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17th February 2022  Content supplied by: Bio-Rad Laboratories

Comparison Between ddPCR and qPCR in Screening and Confirming Shiga Toxin-Producing E. coli (STEC)


Current qPCR-based methods for screening STEC have the common challenge in differentiating between samples where a single organism contains both stx and eae (true positive, linked virulence) and samples in which stx and eae reside in different organisms (false positive, unlinked virulence). Bio Rad offers a Droplet Digital PCR solution, the dd-Check STEC Solution, that demonstrates the capacity in virulence linkage analysis by partitioning intact cells into droplets where cell lysis and PCR amplification occur, enhancing the test accuracy by reducing false-positive reactions.

To evaluate the ability of ddPCR technology in detecting and distinguishing E. coli cells with linked and unlinked virulence compared to qPCR technology, a collaborative study between Food Safety Net Services and Bio Rad was performed. A set of three matrices, beef trim, ground beef and MicroTally (n=30), were inoculated at < 5 CFU per 375 g sample. For each sample type, 15 samples were inoculated with one regulated STEC strain with linked virulence genes (stx and eae in the same cell), and 15 samples were inoculated with a cocktail of two regulated serotypes with unlinked virulence genes (one with stx only and one with eae only).

All samples were processed following two timelines for evaluation of the ddPCR technology as a primary screening assay compared to qPCR and a confirmatory assay, illustrated in Fig. 1. Following the timeline for using ddPCR as primary screening, samples were processed for detection of stx and eae via qPCR (iQ-Check STEC VirX Kit, Bio Rad) and ddPCR technologies (dd-Check STEC Solution, Bio Rad) after a 16 hr enrichment. Following the timeline for using ddPCR as a confirmatory assay, samples were processed for primary screening using qPCR after an 8 hr enrichment, followed by confirmation via ddPCR with or without regrowth according to the criteria demonstrated in Fig 1.

sample processing workflow timeline

Figure 1. Sample processing workflow timeline.

Cultural confirmation of STEC in all samples was performed following the USDA MLG 5C.01 protocol. The results obtained by qPCR and ddPCR assays were compared against the reference method for accuracy in screening and distinguishing STEC with linked and unlinked virulence genes.

Results demonstrated that the ddPCR technology was able to individually identify the presence of stx and eae and verify the co-existence of these two virulence genes via linkage analysis (Fig 2).

Figure 2: Results detecting linked and unlinked virulence genes

Figure 2: Results detecting linked and unlinked virulence genes.

The ability of ddPCR technology as a primary screening assay to identify the co-existence of stx and eae in a single bacterium enhances the accuracy of STEC testing by reducing number of false-positive reactions. In this study, ddPCR technology also proved useful for culture-independent confirmation following primary screening by qPCR assays.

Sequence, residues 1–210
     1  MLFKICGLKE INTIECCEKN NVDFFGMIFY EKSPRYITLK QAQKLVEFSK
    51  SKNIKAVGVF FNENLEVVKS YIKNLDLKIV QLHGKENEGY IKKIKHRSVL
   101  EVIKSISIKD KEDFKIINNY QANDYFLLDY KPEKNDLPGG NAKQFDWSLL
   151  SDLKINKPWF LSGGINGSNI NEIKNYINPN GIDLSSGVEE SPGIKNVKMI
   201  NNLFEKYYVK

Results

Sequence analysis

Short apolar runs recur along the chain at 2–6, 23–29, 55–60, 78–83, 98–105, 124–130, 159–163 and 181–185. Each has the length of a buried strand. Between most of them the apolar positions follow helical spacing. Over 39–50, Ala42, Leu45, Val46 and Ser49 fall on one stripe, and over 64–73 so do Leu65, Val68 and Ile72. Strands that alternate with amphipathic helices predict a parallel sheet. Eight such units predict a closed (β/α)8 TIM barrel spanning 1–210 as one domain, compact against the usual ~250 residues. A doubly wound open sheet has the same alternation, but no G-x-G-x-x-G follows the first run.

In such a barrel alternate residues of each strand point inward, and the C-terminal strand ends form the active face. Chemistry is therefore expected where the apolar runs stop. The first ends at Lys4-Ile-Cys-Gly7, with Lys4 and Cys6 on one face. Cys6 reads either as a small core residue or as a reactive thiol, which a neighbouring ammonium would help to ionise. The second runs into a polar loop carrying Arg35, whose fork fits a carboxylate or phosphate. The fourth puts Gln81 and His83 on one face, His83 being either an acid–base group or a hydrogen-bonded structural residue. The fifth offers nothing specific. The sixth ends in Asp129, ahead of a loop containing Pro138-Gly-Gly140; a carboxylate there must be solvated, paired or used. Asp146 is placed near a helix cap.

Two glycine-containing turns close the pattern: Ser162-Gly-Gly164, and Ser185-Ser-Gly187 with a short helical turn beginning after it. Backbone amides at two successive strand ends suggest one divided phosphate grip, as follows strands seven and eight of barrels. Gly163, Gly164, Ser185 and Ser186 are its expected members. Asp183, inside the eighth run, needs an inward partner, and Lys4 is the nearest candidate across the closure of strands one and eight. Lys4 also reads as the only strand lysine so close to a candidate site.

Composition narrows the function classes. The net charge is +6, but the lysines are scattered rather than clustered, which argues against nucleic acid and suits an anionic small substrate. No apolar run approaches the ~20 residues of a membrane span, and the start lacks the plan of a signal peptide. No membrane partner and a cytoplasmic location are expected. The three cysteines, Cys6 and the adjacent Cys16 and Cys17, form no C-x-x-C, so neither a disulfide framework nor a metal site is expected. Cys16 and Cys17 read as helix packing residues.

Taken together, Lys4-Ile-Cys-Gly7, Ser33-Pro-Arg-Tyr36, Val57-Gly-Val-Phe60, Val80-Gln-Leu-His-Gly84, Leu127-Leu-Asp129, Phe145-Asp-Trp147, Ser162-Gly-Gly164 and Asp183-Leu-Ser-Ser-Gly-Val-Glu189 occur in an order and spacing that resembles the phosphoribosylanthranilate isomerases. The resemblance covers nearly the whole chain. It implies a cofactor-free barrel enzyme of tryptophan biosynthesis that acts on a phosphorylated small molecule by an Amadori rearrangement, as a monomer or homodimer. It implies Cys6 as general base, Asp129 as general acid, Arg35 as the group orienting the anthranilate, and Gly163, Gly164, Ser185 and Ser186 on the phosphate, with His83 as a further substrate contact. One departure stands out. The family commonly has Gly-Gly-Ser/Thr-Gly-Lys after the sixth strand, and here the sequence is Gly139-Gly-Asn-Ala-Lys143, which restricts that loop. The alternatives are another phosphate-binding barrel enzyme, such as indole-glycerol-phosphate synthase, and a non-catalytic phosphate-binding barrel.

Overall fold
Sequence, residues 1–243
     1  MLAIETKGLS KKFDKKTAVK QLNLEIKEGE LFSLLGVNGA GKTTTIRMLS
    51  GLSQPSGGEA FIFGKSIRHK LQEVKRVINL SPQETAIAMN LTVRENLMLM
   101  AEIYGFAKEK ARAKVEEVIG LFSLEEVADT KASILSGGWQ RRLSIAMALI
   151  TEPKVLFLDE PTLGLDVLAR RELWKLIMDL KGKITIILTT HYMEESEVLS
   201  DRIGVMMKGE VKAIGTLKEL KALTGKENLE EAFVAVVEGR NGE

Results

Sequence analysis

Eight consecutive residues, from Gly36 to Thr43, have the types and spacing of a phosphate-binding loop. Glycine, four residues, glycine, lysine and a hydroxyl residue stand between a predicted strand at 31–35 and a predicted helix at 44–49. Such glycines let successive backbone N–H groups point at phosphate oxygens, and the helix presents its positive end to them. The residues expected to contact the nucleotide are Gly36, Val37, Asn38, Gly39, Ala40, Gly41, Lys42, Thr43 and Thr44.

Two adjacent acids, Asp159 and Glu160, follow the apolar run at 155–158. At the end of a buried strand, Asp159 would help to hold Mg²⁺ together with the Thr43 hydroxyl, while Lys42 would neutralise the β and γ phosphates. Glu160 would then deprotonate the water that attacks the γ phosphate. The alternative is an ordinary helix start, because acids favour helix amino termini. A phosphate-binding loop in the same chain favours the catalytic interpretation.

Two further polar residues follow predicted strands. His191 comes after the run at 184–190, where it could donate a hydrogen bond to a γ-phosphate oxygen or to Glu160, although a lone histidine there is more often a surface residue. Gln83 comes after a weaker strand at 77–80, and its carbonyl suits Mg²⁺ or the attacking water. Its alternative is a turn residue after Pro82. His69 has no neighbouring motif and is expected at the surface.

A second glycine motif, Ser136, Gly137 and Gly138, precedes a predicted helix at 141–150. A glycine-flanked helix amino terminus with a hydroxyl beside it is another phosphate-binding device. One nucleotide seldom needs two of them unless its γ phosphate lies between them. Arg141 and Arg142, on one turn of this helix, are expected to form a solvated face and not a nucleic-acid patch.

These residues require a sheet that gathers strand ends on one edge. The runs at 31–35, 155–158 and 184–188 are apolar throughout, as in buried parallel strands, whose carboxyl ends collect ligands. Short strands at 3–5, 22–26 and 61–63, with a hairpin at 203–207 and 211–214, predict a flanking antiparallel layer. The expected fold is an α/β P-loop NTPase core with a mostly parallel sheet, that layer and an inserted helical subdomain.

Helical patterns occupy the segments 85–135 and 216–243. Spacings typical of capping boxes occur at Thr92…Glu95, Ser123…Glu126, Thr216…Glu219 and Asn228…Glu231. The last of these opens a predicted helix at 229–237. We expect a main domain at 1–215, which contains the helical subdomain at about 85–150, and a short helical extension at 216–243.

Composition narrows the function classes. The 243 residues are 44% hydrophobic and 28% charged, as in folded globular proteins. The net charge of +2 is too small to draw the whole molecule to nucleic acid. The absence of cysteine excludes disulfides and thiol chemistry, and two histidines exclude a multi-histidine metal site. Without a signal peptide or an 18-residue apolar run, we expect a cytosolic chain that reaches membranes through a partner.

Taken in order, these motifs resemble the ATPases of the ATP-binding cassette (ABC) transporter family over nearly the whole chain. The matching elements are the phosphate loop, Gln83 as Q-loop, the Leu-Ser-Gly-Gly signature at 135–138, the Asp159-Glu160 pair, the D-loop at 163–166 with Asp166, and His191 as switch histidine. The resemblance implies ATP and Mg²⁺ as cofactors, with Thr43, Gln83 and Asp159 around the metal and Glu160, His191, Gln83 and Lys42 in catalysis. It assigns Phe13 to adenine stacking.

To further explore the possibility of using ddPCR as a culture independent confirmation method, a second study that evaluated ddPCR for confirming STEC in routine beef samples following positive results from primary screening by qPCR was conducted. In this study, Bio Rad collaborated with Food Safety Net Services and several beef production facilities from four different states (Texas, Kansas, California, and Colorado) to collect a set of 100 routine beef microbiological samples (consisting of both MicroTally manual sampling devices and beef trim) that were presumptive positive for E. coli O157:H7 via qPCR-based primary screening tests over a period of six months. After presumptive positive results were obtained with qPCR assays, samples were sent to the Lab+ Department at Food Safety Net Services (San Antonio, TX) and were processed for culture-independent confirmation using the ddPCR technology (dd-Check STEC Solution, Bio Rad) and cultural detection and confirmation following the USDA MLG 5C.01.

Results for the confirmation of linked virulence profiles (i.e. organisms containing both stx and eae) showed that the ddPCR assay and the USDA MLG 5C.01 identified the presence of linked targets in 97 and 95 samples, respectively, indicating that ddPCR and the MLG reached a high level of agreement (98%) in confirmation of linked virulence profiles. Two samples were positive for linked virulence (presence of stx and eae in a single cell) via ddPCR and produced colonies that were positive for stx and eae, but the serotype of the colonies obtained was not able to be identified. In addition, for three samples, ddPCR provided an unlinked stx and eae profile, which matched the confirmation results produced with MLG 5C.01.  With a high level of agreement in STEC confirmation between ddPCR technology and the USDA MLG 5C.01 method, ddPCR technology proved useful for culture-independent confirmation following primary screening by qPCR assays.

The ability of ddPCR technology to be used as a rapid confirmation assay to identify the co-existence of stx and eae in a single bacterium enhances the accuracy of STEC testing by narrowing positive results to only those that have linked stx and eae virulence markers. Additionally, ddPCR testing can be completed in a matter of hours as opposed to days with current cultural confirmation techniques.

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Date Published: 17th February 2022

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